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dessmileva

Le temps des cerises

"But luxury has never appealed to me, I like simple things, books, being alone, or with somebody who understands." Daphne du Maurier

Currently reading

Sophie's World
Jostein Gaarder
Yoga For Dummies (For Dummies (Computer/Tech))
Georg Feuerstein;Larry Payne
Dracula
Bram Stoker
Belle du Seigneur
Albert Cohen
Les Borgia : enquête historique
Guy Le Thiec
The Borgias - Alexandre Dumas The Borgia inspired many stories and many authors. They tempted many to write about them, to glorify them, to debase them, to make them a fiction, an almost symbolic figures of a symbolic era. More than five centuries later, it’s impossible to know how much of the told is actually true and how many a subjective judgment of characters.
Alexander Dumas just like the Borgia inspired many stories and offered his life to eternal speculations. In the 1840’s he wanted to write documentary stories about historical personalities famous for their crimes. Murder, love, incest and power are magic magnetic words for a writer on the hunt. He documented his work by many researches and tried to be accurate about the events he was writing about. Unfortunately, the way History was seen in the 19 century did not permit to Dumas to be a true historian. Reading his version of the Borgia (in French), I found him judgmental, his writing awfully detailed, dry and unable to retell the era. Historical paragraphs follow fictional events creating an incomprehensible story where even the historical accuracy is questioned. Dumas invented a member of the Borgia family called François (he also translated all Italian names in French, another unreadable detail) who’s supposed to be Cesare’s big brother and another suitor of Lucrezia. I’m not familiar how Dumas could possibly create this character or where he found his plausible existence but there he is. So Dumas do not offer a historically accurate chronicle, neither a fictional story about the Borgia. I dare say his book will only disappoint history amateurs and those interested in the Borgia.
Inferno - Dan Brown Just couldn’t finish it. Somewhere about 70% I decided to quit because it wasn’t worth the trouble to continue this ridiculous story about how humanity will die. Let it die, for all I care and Dan Brown’s plot and intrigue just made me wish it more and more. No real secrets, no real puzzles to solve, no nothing. I’m just sorry for Dante, because that’s the second bad book I read messing with him and his work. (see the first one here)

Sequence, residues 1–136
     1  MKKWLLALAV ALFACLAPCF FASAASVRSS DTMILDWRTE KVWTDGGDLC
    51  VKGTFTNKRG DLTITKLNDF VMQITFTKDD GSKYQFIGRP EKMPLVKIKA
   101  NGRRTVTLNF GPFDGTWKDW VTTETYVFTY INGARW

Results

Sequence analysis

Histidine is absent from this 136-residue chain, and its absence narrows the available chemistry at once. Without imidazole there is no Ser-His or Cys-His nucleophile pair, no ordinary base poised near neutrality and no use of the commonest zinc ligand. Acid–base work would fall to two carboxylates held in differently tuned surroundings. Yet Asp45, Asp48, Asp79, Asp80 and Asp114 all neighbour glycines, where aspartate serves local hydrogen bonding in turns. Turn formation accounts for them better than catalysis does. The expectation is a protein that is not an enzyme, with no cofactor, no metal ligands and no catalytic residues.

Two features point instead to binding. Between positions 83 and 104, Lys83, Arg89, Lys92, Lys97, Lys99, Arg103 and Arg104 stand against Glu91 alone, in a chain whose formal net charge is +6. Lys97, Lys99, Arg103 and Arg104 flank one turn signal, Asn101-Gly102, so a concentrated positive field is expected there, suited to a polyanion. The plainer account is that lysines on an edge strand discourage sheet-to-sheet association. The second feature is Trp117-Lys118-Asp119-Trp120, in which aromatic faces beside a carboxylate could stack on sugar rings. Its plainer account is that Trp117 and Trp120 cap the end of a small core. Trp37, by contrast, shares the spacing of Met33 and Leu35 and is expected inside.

And message to Dan Brown, please stop using tour guides’ tips about Italian history or places, I do not need an encyclopedia. There are surely more subtle ways to tell us some interesting fact about a painting, or a building, etc.

I’m already utterly disappointed with Dan Brown’s writing and the way he shapes or rather does not shape his characters through what’s happening to them. And all that chilling and startling about Botticelli’s vision of Dante’s hell. Weak hearts beware, here’s comes Hell! For a grownup art historian being that moved by an early Renaissance painting is rather… I don’t know…childish? Anyway, looking forward for some more thrilling and real mystery, cause right now with I'm Shade and all the conspiracy I’m in some version of Assassin’s Creed II jumping Florentine roofs with Ezio Auditore…Wasn’t Dan Brown somehow better with The Da Vinci Code ?
The Great Gatsby - F. Scott Fitzgerald “Who is he?” I demanded “Do you know?”
“He’s just a man named Gatsby.”
Last summer, my father offered me a book bag. Unfolding it, I saw a pair of sad yellow eyes staring at me, a mystical creature, a femme fatale, a burning city with great melancholy. Printed with big white letters was the name Gatsby.

The Great Gatsby. The Great American novel. So they say. But when I read Gatsby, it’s not America(understand USA) that I see, that I feel, that I experience. But a story of human condition, of weakness and delusion, of greed and grieve, of stupidity and sorrow. There’s surely a picture of that so called ‘American dream’, or of its birth more likely. But I would prefer to go beyond that etiquette and explore Gatsby’s world. So let’s push the gates ant step in. We have to meet Gatsby.

Gatsby is just a man. He’s in his core no different from any other human being. He’s simply mortal. He has this awful dream about a girl, a dream that drives him through life that gives him sense about what he is and what he’s doing. Without it, nothing of what he has gained does matter. He sees his dream every night through a green light…
"I'm the Sheik of Araby,
Your love belongs to me.
At night when you're are asleep,
Into your tent I'll creep----"
And he creeps, slowly but surely till the moment he finally meets that girl again. And at that moment everything falls apart. The dream disappears, as does Gatsby like a shiny fat soap bubble. It’s a story about how we, as human beings, make sense of life, how we answer the question ‘why we live’ and ‘what’s everything about’. But practically, life has no meaning, no big one, but our own. And Gatsby is doomed from the beginning till the end to see the nonexistence of this life meaning. And that’s only right because Gatsby does not exist either. He’s part of the dream. He’s a lost boy’s sad delusion. And no one comes to the funeral of a mirage.

As we step forward, we hear a little voice…
“I'm glad it's a girl. And I hope she'll be a fool--that's the best thing a girl can be in this world, a beautiful little fool." I think Daisy describes herself beautifully. Because, it’s what she is. A fool. Daisy sees no meaning in her life. She does not think. And precisely because she doesn’t think and doesn’t know what she wants, she is governed by the desires of others, by their little games and dreams. I thought Daisy to be the weakest of them all.

But then, we must step aside. There’s a crowd to let in. A crowd of empty people.